(1) We form beliefs or interpretations about the motives and reasons for other persons' behavior. These interpretations are formulated in terms of concepts and expectations that are themselves socially specific -- honor, shame, pride, revenge, spite, altruism, love.  And this is an important point: the actor him/herself has internalized some such set of ideas, which in turn influences the behavior.  This means that action is doubly constructed: by the actor and by the interpreter.

(2) We form beliefs about institutions -- the family, the mayor's office, the police department, the presidency. These beliefs are deeply invested in a set of presuppositions and implicatures, which are themselves socially specific.

(3) Knowledge gathering and assessing is inherently social in that it depends on the cooperative and competitive activities of groups of knowledge workers. These may be communities of scientists, theologians, or engineers. Disagreements are inherent in these social groups, and the embodied norms and power relationships that determine which belief systems emerge as "correct" are crucial parts of the knowledge formation process.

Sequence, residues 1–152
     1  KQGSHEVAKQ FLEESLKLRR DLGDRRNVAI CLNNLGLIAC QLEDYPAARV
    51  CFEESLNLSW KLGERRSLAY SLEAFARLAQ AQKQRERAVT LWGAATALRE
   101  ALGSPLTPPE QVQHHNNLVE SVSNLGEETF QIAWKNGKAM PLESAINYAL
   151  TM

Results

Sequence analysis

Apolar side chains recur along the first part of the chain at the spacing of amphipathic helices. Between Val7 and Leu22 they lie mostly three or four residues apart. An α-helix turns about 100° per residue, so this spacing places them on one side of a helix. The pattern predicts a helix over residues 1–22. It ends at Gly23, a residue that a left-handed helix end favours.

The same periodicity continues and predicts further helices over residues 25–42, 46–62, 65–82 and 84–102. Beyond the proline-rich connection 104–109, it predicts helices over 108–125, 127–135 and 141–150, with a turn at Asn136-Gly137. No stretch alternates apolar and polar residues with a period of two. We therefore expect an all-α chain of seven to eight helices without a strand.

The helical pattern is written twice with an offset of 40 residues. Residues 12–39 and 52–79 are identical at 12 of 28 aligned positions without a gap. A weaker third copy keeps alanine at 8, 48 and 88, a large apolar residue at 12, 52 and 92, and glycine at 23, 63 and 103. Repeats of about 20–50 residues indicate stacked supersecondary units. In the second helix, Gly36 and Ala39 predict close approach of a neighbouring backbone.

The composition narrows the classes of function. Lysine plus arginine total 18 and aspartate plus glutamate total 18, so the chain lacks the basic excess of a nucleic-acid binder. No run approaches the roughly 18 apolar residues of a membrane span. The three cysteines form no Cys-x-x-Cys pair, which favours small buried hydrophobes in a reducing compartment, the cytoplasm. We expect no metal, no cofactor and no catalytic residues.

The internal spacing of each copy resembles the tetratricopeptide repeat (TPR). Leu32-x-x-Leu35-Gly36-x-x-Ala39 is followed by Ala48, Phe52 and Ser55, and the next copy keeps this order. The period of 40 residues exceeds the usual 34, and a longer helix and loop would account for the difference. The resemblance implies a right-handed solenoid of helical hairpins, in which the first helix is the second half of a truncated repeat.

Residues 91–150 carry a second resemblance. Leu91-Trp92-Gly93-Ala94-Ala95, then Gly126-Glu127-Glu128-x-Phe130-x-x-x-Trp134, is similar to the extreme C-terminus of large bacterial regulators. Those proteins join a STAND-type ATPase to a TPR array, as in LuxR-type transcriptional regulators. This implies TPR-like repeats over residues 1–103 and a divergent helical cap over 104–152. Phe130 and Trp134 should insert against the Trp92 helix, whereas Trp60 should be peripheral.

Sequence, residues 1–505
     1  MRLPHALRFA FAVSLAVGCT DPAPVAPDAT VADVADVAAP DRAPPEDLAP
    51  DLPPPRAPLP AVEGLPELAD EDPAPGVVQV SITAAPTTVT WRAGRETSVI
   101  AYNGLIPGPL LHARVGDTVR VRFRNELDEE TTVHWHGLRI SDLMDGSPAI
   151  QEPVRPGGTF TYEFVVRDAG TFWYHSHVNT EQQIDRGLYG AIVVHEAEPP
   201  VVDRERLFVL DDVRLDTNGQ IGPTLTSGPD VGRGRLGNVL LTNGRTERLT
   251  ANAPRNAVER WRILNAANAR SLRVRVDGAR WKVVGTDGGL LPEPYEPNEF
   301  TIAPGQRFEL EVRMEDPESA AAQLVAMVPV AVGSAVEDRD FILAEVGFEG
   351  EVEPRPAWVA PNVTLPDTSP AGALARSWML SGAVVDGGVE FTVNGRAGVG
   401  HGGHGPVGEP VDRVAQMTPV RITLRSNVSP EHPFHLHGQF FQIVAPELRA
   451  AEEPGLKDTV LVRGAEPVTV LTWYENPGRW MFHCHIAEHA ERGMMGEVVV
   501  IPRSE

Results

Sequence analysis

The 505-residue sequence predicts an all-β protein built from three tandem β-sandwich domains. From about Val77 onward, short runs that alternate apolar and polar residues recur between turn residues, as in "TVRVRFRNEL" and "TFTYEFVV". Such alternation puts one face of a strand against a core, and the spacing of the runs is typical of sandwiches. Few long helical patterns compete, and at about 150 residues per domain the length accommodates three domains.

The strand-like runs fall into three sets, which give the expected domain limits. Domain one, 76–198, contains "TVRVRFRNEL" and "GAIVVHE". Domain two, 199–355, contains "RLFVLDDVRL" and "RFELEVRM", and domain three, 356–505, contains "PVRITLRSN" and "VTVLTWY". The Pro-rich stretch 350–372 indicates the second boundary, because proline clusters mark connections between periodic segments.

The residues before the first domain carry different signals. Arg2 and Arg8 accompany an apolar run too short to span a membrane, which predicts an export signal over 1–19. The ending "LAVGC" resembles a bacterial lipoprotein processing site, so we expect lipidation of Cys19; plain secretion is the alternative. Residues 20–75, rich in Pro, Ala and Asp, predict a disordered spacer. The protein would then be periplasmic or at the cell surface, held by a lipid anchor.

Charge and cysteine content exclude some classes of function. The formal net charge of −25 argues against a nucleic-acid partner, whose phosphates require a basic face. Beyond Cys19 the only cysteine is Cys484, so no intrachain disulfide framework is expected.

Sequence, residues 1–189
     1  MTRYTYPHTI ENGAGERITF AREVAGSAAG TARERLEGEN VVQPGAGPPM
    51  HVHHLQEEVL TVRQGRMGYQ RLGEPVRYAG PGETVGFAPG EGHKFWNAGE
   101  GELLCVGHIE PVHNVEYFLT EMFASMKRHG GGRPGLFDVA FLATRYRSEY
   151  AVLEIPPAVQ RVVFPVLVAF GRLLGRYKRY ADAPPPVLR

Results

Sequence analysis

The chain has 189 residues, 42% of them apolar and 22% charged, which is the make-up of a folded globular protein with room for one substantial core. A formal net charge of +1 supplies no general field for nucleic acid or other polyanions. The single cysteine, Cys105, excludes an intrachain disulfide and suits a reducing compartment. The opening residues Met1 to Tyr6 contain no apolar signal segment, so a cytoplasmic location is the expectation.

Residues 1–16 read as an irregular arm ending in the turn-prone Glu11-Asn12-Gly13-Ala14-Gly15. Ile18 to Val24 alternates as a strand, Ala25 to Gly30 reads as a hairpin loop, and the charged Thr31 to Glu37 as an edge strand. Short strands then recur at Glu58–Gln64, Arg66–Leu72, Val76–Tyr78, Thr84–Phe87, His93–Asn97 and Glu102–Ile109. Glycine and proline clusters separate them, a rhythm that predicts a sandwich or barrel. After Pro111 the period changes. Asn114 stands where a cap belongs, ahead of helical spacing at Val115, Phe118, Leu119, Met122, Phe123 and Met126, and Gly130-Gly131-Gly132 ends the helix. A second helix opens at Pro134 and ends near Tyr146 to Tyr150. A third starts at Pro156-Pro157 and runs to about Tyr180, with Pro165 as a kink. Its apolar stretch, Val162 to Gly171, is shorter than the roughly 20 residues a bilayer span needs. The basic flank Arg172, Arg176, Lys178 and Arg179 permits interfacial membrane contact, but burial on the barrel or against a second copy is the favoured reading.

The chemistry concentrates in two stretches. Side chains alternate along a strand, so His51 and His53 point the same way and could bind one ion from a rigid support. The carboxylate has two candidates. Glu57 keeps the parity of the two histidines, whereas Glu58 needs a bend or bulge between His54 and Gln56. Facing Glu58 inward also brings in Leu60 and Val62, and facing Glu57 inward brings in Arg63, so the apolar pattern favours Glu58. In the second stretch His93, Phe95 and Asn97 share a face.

(4) We give weight to certain standards of reasoning and we discount other standards of reasoning.  Some of us give credence to magical claims, and we attach some evidentiary weight to statements about magical connections; others disregard magical claims and arguments. These disagreements are culture-specific. (Martin Hollis, ed., Rationality and Relativism, considers a lot of these sorts of questions.)

(5) Standards and definitions of "evidence" and "reason for belief" are socially variable and plastic. Moreover, there is likely to be more variance in these areas in some zones of belief than others. We may find more unanimity about procedures for assessing causal statements about common observable circumstances than about theoretical hypotheses, and even less for assessing beliefs about the likely effects of social policies.